Not exactly to do with books, but certainly relevant to internet usage by some people and perhaps for creating a character.
Morgan was diagnosed with obsessive-compulsive disorder (OCD) 20 years ago. While a combination of medication and therapy has kept it mostly under control, she says, it still comes back occasionally in an incredibly frustrating manner.
“There have been flare-ups that have slowed me down because I had to type a sentence, erase it, and type it until it was ‘safe,’” she says.
What Morgan is experiencing is an emerging manifestation of OCD: When symptoms express not in the physical world (for example, when a patient repeatedly, and in a way that interferes with their life, checks their oven to ensure that it’s off), but on the internet instead.
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Simply wanting a clean kitchen does not mean a person has OCD. What makes it OCD is when the person can’t leave the house without wiping down the countertops once, twice, three more times, because they’re afraid of what will happen if they don’t. When they can’t do a task without repeating a particular prayer or mantra. When the thought of a disorganized kitchen isn’t just annoying; it causes actual distress and extreme anxiety. And OCD extends far beyond a stereotypical concern with cleanliness. Some people with OCD experience upsetting, intrusive thoughts, such as envisioning themselves hurting a loved one.
According to Sanjaya Saxena, a professor of psychiatry and director of the UC San Diego Obsessive-Compulsive Disorders Program, one of the best ways to understand OCD is that it relates to fear. Whether it’s a contamination-related fear, as in the case of needing to keep a kitchen sparkling clean, or a concern about acts of violence, accidents, or even the fear that a patient will say the wrong thing in a social situation, “these can create obsessional fears, and that can lead to compulsions,” Saxena says.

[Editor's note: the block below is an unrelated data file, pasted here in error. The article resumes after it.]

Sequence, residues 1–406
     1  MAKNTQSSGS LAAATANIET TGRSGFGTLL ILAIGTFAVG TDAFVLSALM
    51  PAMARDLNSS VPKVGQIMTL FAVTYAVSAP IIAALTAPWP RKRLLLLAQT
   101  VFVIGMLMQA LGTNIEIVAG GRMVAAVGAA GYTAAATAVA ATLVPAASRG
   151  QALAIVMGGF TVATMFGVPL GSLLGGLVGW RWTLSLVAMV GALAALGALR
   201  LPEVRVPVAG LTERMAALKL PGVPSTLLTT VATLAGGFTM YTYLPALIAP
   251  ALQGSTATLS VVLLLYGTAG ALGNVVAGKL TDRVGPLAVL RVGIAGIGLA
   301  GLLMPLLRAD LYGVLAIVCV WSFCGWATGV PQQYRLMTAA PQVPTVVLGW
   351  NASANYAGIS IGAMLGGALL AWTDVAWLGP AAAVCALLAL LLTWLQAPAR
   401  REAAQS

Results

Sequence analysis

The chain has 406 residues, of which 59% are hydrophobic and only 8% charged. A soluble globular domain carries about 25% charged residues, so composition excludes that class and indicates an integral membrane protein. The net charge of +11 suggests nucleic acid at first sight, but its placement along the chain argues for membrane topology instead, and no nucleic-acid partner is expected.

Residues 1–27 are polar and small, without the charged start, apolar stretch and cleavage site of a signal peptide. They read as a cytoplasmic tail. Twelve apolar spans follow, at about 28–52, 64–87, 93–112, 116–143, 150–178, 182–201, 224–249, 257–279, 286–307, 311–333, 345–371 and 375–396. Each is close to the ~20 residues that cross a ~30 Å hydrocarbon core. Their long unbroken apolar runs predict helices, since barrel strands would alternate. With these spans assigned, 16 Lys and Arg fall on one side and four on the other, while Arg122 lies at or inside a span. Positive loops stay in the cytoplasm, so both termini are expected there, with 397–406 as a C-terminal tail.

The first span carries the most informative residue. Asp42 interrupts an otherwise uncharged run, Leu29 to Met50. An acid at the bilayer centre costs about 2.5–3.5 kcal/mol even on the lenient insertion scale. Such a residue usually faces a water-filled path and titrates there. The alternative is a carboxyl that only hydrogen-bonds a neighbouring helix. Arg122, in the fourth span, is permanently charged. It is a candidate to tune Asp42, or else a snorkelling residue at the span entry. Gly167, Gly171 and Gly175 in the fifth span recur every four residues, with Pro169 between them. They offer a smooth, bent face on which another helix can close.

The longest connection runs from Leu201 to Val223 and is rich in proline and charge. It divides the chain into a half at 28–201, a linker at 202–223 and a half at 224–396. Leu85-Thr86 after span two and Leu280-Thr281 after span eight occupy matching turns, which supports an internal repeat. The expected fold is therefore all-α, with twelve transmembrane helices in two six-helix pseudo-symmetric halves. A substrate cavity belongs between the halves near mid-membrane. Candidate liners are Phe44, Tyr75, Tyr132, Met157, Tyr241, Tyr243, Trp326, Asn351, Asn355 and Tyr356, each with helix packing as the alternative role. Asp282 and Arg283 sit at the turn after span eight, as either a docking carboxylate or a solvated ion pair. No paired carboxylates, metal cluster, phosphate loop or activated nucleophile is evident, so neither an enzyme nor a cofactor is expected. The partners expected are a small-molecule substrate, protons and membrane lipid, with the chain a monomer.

Checking their social media accounts multiple times an hour doesn’t necessarily mean a person has OCD. But for Anna*, a woman with OCD who developed a compulsion related to checking her social media accounts after an embarrassing social interaction, it does.
“Some people I knew made me feel weird about not knowing something, so I became obsessed with trying to know as much as I can, whether it is a political thing or about someone from high school being engaged,” Anna says. “Part of it is being afraid of looking stupid and having social anxiety as well.”
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Saxena says he has patients who have trouble sending emails at all, concerned that they might write something offensive or use foul language, even though such modes of communication are totally out of character for that person. These “checking behaviors,” he says, “can sometimes take hours and hours and hours out of a day.
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Perhaps more frustrating, and even frightening, is when people with OCD experience symptoms that compel them to Google dangerous search terms.
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The internet, as far as anyone knows, doesn’t cause anyone to have OCD. It doesn’t seem to make symptoms worse. It does, however, create new avenues for the disorder to express and new ways for people with OCD to find themselves regularly confronted with their symptoms.
Link to the rest at Medium
While PG was putting together this post, he wondered where OCD might be accurately represented in a work of fiction. He recalls books in which a character claims OCD for themselves or accuses another character of OCD behavior, but isn’t certain whether the behavioral manifestations are correctly described.
On some days, PG suspects he’s OC but doesn’t think he’s reached the D stage.
Yet. Yet. Yet.